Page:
The Roman Catholic Church teaches that the ministry of the Bishop of Rome as universal primate is in accordance with Christ’s will for the Church and an essential element of maintaining it in unity and truth…. We urge Anglicans and Roman Catholics to explore together how the ministry of the Bishop of Rome might be offered and received in order to assist our Communions to grow towards full, ecclesial communion.9

Queen Elizabeth II, Supreme Governor of the Church of England and Defender of the Faith, and various Archbishops of Canterbury have visited the pope many times. In 2008, Archbishop of Canterbury Rowan Williams became the first (symbolic) head of the worldwide Anglican Communion to visit the Roman Catholic shrine of Lourdes in southwest France. There he took part in an international mass celebrating the 150th anniversary of the apparitions of Mary to Bernadette Soubirous, a 14-year-old peasant.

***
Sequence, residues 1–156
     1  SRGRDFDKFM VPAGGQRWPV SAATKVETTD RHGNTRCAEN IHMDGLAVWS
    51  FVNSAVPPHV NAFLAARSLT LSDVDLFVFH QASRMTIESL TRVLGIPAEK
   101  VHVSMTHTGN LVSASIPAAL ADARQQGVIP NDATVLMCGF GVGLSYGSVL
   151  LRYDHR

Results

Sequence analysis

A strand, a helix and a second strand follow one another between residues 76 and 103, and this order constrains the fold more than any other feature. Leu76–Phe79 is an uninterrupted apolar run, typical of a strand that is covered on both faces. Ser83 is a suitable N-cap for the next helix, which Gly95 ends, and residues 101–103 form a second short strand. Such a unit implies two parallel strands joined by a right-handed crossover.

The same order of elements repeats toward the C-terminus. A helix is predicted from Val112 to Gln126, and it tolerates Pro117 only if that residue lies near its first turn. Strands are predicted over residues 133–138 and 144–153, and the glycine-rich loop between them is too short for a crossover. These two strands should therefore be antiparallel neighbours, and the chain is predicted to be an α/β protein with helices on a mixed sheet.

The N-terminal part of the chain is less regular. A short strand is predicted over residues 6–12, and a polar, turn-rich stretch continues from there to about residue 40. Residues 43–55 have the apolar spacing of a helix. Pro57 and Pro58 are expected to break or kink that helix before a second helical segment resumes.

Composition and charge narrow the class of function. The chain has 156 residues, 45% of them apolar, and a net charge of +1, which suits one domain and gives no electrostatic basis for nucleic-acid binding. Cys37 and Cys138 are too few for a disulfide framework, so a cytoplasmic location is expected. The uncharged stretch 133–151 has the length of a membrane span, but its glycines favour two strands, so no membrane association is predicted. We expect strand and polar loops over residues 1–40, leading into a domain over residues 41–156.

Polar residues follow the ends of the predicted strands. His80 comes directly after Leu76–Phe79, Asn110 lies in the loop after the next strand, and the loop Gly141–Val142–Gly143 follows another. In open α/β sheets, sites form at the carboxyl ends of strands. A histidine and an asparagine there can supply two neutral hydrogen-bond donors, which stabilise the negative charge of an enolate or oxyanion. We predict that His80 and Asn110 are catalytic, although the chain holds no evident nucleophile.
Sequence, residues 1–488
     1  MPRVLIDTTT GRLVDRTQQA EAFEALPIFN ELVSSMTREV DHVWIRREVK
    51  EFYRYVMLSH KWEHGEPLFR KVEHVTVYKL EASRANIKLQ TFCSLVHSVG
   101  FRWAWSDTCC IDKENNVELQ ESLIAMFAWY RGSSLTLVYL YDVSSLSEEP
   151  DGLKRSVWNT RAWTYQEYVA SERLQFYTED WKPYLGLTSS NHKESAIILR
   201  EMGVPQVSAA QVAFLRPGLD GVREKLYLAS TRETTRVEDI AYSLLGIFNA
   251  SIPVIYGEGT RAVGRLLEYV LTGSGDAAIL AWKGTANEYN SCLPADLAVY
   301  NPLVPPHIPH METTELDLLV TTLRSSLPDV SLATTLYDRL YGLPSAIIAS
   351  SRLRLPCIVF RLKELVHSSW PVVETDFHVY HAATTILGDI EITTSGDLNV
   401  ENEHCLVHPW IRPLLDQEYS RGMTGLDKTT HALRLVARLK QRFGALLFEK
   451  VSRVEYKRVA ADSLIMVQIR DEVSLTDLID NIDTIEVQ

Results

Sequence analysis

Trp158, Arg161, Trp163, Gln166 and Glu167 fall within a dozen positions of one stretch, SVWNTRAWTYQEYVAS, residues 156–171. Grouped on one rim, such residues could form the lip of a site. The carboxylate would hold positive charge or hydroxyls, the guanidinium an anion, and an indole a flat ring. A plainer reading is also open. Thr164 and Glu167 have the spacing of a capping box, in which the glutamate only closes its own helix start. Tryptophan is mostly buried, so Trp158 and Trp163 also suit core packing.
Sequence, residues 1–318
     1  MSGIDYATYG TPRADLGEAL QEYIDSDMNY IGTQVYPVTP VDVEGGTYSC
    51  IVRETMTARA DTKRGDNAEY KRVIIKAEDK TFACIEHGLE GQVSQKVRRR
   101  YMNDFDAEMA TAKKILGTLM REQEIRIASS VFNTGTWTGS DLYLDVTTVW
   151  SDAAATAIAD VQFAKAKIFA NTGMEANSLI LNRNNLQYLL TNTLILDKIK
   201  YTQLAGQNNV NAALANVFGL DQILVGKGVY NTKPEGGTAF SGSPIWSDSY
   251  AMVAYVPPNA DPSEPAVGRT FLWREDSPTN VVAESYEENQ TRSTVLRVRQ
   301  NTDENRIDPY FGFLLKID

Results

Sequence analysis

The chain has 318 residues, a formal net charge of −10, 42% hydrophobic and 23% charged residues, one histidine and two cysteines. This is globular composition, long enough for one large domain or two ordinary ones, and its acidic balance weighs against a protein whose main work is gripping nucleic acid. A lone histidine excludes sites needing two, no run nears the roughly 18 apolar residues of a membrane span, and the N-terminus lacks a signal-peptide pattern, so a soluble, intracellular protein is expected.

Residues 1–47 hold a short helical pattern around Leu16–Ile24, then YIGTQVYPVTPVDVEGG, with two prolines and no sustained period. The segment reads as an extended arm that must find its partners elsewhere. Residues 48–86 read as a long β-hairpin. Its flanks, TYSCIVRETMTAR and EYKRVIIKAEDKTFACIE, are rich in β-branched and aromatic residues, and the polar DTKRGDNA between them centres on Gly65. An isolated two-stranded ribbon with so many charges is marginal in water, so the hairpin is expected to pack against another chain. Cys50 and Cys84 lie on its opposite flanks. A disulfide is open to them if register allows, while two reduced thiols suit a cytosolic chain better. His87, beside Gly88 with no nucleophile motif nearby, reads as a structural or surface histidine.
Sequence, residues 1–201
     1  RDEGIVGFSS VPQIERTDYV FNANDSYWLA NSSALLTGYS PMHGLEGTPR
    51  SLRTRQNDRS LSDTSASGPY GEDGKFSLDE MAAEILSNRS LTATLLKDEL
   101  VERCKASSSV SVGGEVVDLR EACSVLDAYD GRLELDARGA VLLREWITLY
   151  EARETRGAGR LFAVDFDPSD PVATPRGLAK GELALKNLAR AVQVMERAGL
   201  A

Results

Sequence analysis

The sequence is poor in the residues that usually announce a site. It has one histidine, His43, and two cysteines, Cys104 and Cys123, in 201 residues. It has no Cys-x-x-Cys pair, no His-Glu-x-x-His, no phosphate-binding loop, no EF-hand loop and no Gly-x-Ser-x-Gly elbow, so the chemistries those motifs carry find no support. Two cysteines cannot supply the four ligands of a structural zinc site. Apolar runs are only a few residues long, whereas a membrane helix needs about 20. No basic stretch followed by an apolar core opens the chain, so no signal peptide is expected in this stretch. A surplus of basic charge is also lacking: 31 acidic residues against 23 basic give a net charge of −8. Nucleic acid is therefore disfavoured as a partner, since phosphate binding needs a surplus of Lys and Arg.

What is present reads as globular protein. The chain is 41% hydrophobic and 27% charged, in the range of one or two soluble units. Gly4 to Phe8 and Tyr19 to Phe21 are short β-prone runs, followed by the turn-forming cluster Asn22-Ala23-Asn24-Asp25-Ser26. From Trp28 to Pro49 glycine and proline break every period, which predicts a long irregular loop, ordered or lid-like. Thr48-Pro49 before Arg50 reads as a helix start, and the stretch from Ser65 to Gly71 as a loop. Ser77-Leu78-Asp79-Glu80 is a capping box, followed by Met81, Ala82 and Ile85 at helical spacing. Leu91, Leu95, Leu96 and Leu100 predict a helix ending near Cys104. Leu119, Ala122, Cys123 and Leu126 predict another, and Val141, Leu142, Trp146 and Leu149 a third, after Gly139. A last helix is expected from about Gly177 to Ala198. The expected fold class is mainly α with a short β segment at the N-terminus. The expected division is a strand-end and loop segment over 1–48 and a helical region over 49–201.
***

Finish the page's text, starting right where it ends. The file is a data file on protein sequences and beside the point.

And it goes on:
Ironically, ecumenical relations between Anglicanism and Romanism have slowed, not because of opposition from orthodox Anglicans but because Anglicanism is too liberal for Romanism, especially concerning the ordination of women and homosexuality. John Paul II (1978-2005) suspended official talks between the Roman Catholic Church and the Anglican Communion due to the consecration of Gene Robinson, a practicing homosexual, as a bishop in the Episcopal Church in the United States.10